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Jen gets a job at LIFt, a rich lady’s foundation supposedly devoted to raising up women. The founder, Leora Infinitas, an assumed name that obscures her seamy origins, is elusive yet tyrannical. No one seems to know which end is up, but high-flown mission statements and rhetoric abound. A very strange turn when a man is invited to be on the board—I’ll let you discover what came of that. I enjoyed this book because it’s such clever satire. My inner bitch rejoiced.
The eponymous market is where the author can find the ingredients her mother cooked with. She’s in deep, almost uncontrollable grief after said mother died much too early of cancer. Their relationship was strained but food was her mother’s primary expression of love and Zauner reproduces Korean delicacies and comfort foods as a form of connection and solace. The author also shares how awkward she felt growing up Asian-American, neither/nor. Candid, vivid, heart-wrenching.
My blood still runs cold when I read about our country’s origins—those pilgrims full of rigid religion, all about sin. Mary’s husband often gets “drink-drunk” and abuses her horrendously. Boston, mid 1600’s, and when women show spirit, they often get branded as witches. Mary’s very bright, apparently barren, and after a vicious attack in which he skewers her hand with a fork (considered Satan’s utensil), she tries to divorce him but fails. Who planted those forks and left other sinister talismans around her house? The book is billed as an historical thriller, the language is appropriately archaic which sometimes annoyed me (all those “thee's” and “thou’s”) but I was really rooting for Mary and got so caught up in the tale that I took it in stride.
In the sheltered enclave of Greenwich, CT, cool and elegant Isabel gets intimations of trouble. Her husband, nicknamed “the Silverback,” is a very successful banker. He’s always prided himself on his team but that falls apart when scandal starts to brew. Her teenage daughter Madison is confused and undone. Why is Daddy holed up in the city apartment? Reporters assail them, alliances fray, and there’s an incredible showdown in the ballroom of a “friend’s” house during an exclusive fund-raiser. White people’s problems, for sure, but I always bask in schadenfreude when entitled folks lose their traction.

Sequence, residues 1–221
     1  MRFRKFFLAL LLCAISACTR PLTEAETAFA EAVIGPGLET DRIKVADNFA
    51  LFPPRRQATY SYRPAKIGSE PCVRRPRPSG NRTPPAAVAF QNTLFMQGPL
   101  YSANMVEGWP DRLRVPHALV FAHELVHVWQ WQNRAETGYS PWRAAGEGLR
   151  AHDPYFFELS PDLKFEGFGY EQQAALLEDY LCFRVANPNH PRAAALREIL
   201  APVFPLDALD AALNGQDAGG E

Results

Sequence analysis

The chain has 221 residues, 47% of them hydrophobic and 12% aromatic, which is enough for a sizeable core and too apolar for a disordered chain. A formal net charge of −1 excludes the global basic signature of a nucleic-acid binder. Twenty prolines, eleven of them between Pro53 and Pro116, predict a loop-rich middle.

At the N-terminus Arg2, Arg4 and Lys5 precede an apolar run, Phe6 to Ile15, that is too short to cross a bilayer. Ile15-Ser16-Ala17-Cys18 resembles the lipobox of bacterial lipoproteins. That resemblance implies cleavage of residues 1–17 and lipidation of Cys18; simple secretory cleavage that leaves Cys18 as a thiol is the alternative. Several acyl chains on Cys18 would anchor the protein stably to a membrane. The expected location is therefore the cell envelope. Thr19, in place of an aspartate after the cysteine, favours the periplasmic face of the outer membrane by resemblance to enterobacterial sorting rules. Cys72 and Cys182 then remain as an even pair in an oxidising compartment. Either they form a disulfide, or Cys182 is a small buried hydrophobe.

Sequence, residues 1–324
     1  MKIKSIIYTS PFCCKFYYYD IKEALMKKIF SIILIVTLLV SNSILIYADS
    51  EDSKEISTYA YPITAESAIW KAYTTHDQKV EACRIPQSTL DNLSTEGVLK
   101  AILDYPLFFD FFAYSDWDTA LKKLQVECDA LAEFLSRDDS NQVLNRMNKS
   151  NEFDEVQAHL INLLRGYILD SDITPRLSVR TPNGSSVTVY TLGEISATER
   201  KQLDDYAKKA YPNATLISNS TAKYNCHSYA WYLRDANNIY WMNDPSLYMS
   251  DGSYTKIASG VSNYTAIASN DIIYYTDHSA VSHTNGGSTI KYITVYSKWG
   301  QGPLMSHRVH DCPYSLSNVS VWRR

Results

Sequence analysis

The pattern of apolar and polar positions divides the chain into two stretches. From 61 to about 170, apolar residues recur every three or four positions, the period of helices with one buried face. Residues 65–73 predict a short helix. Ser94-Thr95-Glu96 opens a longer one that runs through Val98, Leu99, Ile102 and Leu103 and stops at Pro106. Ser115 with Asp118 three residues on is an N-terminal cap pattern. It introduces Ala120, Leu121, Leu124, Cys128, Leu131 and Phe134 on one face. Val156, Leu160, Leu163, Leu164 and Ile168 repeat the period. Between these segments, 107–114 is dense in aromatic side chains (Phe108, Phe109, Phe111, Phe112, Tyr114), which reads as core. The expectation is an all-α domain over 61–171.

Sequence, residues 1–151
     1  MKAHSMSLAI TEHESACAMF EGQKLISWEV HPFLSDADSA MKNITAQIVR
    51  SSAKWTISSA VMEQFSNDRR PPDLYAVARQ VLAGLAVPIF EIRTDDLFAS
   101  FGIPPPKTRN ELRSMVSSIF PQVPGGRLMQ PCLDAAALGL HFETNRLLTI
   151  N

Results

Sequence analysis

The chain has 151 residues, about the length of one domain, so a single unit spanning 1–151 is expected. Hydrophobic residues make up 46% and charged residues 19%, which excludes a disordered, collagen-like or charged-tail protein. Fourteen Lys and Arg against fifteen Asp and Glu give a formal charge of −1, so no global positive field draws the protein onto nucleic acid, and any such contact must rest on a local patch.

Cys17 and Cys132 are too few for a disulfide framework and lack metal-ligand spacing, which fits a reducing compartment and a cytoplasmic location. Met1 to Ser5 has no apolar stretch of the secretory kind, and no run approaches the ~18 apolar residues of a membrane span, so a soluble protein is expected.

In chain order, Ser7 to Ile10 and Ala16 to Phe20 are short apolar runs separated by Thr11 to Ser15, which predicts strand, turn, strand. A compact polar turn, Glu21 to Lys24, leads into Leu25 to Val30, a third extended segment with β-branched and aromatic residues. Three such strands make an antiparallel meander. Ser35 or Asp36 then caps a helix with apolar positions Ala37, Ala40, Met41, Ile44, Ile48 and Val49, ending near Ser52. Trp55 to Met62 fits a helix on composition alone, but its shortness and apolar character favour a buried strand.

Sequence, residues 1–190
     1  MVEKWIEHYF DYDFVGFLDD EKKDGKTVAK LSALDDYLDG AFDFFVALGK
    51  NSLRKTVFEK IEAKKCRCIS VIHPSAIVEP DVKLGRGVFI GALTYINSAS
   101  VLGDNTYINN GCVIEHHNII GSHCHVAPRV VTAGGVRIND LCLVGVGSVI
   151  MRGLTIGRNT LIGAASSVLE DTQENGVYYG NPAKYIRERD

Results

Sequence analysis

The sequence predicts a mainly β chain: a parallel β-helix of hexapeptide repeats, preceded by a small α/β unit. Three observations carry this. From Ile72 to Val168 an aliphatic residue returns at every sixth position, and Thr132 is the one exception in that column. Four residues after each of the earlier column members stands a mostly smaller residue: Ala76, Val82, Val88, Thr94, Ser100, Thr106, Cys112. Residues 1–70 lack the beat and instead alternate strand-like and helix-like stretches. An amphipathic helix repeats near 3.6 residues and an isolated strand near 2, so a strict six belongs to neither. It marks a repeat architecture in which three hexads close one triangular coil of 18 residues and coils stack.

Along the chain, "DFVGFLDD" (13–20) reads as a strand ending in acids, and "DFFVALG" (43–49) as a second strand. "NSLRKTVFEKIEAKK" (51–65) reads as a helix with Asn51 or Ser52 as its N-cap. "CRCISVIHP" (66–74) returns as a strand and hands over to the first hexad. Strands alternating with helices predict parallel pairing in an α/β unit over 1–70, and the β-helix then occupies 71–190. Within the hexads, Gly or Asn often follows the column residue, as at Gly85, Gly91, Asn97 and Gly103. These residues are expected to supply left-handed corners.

Ava designs furniture for an IKEA-like enterprise. She takes pride in the orderly precision of her work but when we first meet her, she’s obviously depressed. With good reason, as her story emerges. Along comes Mac, a new hire, who injects lively energy into the workplace and somehow strikes up with Ava whose ex was female. Tension develop with neighborhood “vandals” protesting a huge new building that threatens to destroy the community garden. Ava’s good friend and coworker Jamie, who’s gay, tries to warn her about Mac but she’s besotted despite mounting evidence of weirdness, including his involvement with the Good Guys, a kind of human potential booster program. The authors have great fun with furniture names and corporate culture. And there are also cute dogs. I also appreciated Ava’s identity: bisexual and perhaps a bit on the spectrum.
Back next week.